In a little-known Haryana village called Mughalwali, farmer Sahiram Kashyap has been waiting for a miracle. For many months now, his emaciated face has harboured an unusually potent belief — that the mythical Saraswati river will soon burst through the dusty veins of his farmland.
Every morning, he prostrates himself next to a roughly dug well, and assures the “mother” that he’ll pray until she appears. At the bottom, some groundwater reveals itself, blissfully unaware of the fame, and the attendant responsibility, that has been thrust upon it. To most residents of Mughalwali and the neighbouring village of Adi Badri, this will most certainly be the source of India’s revival.
Thrillingly for them, the State and Centre share this belief. A multi-crore Saraswati Revival Project has been officially sanctioned — for a river that might never have existed at all, and most certainly doesn’t at the currently proclaimed spot. In Searching for Saraswati , an Op-Docs documentary commissioned by The New York Times ( NYT ), filmmakers Shirley Abraham and Amit Madheshiya (who previously directed The Cinema Travellers that premiered in the Cannes Classics section in 2016) paint a terrifying picture of two villages hypnotised by blind faith, and the opportunistic politicians and religious figureheads keen to milk it for profit and propaganda. In 20 crisp minutes, we meet various aam aadmis and their experience of the story as it unfolds.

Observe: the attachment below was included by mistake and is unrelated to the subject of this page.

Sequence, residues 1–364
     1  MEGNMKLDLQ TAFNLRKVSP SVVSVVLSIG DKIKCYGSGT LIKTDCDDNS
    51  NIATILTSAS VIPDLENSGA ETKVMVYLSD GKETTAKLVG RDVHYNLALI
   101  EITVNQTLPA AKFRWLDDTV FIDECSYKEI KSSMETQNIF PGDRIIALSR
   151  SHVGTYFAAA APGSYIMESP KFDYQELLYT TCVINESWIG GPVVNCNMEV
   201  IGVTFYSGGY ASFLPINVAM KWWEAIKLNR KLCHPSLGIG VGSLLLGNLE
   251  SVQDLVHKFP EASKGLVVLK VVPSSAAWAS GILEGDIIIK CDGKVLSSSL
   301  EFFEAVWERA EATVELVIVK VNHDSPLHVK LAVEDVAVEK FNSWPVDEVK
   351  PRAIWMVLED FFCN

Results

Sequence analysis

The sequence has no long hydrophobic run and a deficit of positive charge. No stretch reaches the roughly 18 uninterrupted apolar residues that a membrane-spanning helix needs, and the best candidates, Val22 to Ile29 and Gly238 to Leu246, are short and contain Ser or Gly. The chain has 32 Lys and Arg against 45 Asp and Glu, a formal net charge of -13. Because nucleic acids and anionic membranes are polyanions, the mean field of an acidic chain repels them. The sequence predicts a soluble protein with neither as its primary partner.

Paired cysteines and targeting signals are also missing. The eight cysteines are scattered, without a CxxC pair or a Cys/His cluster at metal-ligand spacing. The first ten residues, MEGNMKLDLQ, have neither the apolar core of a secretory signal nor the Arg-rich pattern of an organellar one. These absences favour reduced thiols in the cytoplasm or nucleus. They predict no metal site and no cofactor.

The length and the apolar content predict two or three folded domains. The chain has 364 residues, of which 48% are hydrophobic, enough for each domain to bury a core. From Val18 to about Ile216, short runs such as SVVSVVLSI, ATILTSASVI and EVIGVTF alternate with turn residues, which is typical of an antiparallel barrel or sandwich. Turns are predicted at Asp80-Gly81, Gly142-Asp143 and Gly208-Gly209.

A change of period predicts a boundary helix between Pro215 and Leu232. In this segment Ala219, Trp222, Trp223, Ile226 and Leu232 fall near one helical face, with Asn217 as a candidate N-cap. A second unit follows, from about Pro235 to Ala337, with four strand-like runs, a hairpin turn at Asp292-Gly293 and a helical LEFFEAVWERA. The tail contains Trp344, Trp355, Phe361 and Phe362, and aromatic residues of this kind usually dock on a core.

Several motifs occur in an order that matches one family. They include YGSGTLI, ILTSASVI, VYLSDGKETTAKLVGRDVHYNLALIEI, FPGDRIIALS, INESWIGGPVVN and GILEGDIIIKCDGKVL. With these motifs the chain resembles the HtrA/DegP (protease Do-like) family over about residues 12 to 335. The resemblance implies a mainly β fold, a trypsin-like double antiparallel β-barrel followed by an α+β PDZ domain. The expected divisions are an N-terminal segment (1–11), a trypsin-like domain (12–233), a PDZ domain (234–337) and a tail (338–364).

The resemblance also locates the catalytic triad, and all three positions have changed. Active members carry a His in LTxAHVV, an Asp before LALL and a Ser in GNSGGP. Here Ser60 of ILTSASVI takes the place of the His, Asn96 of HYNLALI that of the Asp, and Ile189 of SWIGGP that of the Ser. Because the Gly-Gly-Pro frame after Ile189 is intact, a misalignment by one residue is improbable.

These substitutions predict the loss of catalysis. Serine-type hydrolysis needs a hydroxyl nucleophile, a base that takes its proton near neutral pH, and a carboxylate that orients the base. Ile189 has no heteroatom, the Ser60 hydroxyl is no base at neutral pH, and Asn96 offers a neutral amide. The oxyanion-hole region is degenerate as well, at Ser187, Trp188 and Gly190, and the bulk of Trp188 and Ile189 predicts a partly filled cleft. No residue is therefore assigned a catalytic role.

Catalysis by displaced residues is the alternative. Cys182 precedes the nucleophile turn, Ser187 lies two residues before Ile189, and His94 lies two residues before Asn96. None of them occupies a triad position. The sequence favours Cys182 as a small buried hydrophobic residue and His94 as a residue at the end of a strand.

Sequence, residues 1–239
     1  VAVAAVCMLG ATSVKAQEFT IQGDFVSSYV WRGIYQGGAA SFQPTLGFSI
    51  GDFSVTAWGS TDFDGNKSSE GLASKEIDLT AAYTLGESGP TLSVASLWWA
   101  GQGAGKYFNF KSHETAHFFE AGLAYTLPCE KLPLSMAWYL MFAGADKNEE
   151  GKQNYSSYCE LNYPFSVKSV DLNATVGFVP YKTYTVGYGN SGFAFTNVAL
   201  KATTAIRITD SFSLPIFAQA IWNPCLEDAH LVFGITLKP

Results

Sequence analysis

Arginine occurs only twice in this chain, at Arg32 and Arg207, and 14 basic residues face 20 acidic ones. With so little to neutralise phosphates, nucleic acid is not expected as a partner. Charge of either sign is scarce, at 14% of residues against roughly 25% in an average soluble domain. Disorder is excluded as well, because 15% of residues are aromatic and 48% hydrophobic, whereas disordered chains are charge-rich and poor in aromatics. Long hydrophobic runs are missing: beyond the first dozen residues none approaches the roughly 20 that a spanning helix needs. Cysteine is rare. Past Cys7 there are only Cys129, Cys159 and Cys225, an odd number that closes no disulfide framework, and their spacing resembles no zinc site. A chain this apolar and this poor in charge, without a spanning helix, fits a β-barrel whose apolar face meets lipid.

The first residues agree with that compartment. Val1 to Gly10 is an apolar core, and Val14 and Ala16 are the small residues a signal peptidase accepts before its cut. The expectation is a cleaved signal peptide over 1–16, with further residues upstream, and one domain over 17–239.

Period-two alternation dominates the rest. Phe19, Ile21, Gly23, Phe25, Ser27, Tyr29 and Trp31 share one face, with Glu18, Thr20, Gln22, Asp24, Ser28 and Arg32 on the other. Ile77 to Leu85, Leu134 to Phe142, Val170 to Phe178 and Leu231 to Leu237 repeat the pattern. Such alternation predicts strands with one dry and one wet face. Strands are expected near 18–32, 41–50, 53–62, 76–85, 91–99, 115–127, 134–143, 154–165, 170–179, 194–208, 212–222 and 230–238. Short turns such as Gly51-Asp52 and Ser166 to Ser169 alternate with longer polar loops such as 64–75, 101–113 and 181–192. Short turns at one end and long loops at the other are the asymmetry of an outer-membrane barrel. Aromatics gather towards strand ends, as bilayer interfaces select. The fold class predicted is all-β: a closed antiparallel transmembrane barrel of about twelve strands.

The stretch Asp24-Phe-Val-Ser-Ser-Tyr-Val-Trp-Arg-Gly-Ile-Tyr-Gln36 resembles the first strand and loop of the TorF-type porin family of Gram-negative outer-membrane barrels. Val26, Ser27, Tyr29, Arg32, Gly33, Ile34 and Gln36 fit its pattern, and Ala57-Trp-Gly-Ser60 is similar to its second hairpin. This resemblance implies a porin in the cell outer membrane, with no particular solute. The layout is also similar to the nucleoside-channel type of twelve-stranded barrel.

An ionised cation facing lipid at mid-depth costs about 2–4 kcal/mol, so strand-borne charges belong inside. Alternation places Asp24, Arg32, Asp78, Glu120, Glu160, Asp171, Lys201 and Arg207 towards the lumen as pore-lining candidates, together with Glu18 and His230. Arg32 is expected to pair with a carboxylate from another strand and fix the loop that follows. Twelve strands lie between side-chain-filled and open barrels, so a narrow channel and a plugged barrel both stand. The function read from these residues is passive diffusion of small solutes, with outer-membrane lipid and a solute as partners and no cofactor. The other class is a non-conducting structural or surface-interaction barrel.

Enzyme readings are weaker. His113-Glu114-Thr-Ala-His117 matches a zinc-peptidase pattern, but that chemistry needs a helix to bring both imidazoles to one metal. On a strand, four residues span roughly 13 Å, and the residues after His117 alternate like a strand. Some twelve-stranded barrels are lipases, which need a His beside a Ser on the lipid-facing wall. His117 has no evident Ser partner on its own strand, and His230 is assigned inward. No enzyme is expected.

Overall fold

Web of deceit
Established in 2011, Op-Docs is a flagship strand of NYT that draws from the spirit of the Op Ed (“opinion editorial”) and seeks documentary films with a point of view. Commissioned as one of five films supported by an exclusive Sundance Institute-MacArthur Foundation Short Film Fellowship, to explore “contemporary issues by distinctive new voices” around the world, Searching for Saraswati is the first Indian op-doc for NYT .
Shooting for three weeks in the dug-up farmlands across two villages, Abraham and Madheshiya illuminate a web of deceit and propaganda that threatens not just livelihoods, but the very basis of progressive, scientific thought.
The documentary houses a motley group of interested parties: the farmer who believes the appearance of the “mother” is imminent and that the water has healing properties; the lone voice of reason who believes it is all hogwash and is instead an attempt by the government to seize their lands for religious tourism; the high-caste priest who finds himself in the right place to cultivate his business; the RTI activist who cannot get a straight response from the government. The larger question remains: why does the government care so deeply about the Saraswati? After all, when challenged, the government officially denies having any scientific evidence of the river’s existence. Yet, the propaganda, financial support, and the Saraswati Mahotsavs continue.